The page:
Exercise can be a difficult thing to navigate during eating disorder recovery. I often find that clients struggle to differentiate between whether they are truly exercising for enjoyment or if they are exercising with eating disorder motives. There are a few ways to first identify if you have a dysfunctional relationship with exercise, and several steps to take in order to find balance and make peace with it once more.
A few questions to ask yourself:
Do you feel anxious or guilty missing a workout?
Are you preoccupied with a certain exercise routine and struggle to be flexible with your types of movement?
Does how much you exercise influence what you eat or vice versa?
Does your exercise dictate how you feel about yourself?
Are you exercising to burn calories or to look a certain way?
Do you struggle to skip a workout, even if tired, sick, or injured?
5 ways to find balance and make peace with movement in recovery:
- Let go of old beliefs. Be open to building a new relationship with movement. If you were exercising for calories or for time before- come up with a different motive such as moving to feel alive, or to feel strong, or to get more energy.
- Bring curiosity to movement. Think about why children move their bodies. Typically, it is because they are playing a game, or chasing a friend, or spending time outside. Find new activities that are fun and challenge any of the “have to’s” and “should’s” that are often connected to exercise. Be willing to try new things and find something that truly brings you joy.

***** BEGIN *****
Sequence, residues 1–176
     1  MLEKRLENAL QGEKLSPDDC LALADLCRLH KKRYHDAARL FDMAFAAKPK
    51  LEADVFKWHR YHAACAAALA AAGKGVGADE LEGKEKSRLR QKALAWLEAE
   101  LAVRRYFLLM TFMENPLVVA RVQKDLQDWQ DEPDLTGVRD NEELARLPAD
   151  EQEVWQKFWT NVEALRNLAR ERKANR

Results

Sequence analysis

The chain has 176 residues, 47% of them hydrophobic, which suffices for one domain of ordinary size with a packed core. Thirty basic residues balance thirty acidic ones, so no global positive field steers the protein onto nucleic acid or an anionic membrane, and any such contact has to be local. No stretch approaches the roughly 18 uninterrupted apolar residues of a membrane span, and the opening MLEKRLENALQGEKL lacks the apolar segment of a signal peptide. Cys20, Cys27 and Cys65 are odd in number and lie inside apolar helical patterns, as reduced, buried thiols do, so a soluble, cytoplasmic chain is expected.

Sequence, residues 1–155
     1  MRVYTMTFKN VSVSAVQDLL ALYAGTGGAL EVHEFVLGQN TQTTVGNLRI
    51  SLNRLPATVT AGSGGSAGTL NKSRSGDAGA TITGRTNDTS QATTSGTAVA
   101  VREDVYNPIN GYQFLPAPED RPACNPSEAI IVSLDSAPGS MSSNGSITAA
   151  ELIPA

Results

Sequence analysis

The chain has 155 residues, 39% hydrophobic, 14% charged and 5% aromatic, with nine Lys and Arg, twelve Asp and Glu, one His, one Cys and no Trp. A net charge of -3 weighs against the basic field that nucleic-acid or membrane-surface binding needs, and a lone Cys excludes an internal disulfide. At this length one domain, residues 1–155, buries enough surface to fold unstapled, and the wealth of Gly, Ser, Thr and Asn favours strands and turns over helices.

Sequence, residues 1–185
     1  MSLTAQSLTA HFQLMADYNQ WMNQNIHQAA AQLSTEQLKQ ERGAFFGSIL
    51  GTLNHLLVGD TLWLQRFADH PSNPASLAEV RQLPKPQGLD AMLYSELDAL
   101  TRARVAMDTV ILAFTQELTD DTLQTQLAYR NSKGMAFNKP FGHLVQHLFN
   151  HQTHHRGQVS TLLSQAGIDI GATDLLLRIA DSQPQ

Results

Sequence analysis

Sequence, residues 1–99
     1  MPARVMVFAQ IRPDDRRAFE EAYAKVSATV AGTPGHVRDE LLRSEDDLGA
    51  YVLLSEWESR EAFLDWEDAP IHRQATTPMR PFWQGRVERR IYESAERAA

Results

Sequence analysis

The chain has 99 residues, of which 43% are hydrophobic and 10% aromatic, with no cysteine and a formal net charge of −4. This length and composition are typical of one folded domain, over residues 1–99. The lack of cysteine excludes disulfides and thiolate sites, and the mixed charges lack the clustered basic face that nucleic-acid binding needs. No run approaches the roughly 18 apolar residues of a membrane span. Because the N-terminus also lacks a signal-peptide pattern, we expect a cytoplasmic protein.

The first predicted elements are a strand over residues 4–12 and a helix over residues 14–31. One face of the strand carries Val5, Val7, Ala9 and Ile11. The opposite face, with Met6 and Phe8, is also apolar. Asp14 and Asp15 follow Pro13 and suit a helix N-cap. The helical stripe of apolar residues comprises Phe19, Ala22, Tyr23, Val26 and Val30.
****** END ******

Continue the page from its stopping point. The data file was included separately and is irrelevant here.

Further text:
- Listen to your body. If your body is tired- rest. if your body feels like going on a walk and being in nature- listen to it. Be kind to it. Work with your body and not against it. Be mindful when you move.
- Create a safety net. Typically with eating disorder recovery you have a meal plan to help you to navigate building a natural relationship with food again. This takes structure, practice, and patience. It can be the same with exercise. An example of this would be to come up with some structure around movement such as doing a dance video for 20 minutes a day, or playing tennis twice a week, or stretching and going on a walk, etc. Work with your treatment team to establish a safety net as you heal your relationship with movement. Eventually you will be able to listen to your body and move intuitively again.
- Be honest with yourself. If movement is triggering for you talk to your treatment team. If you are acting in accordance with the eating disorder self then movement automatically becomes a recovery sabotaging behavior. Ask yourself if this is helping you get closer to your recovery goals or farther away from them?
Lauren has had experience working at a residential eating disorder treatment center and over time has developed a passion for helping individuals who struggle with eating disorders/disordered eating, chronic dieting, activity addiction, and negative body image.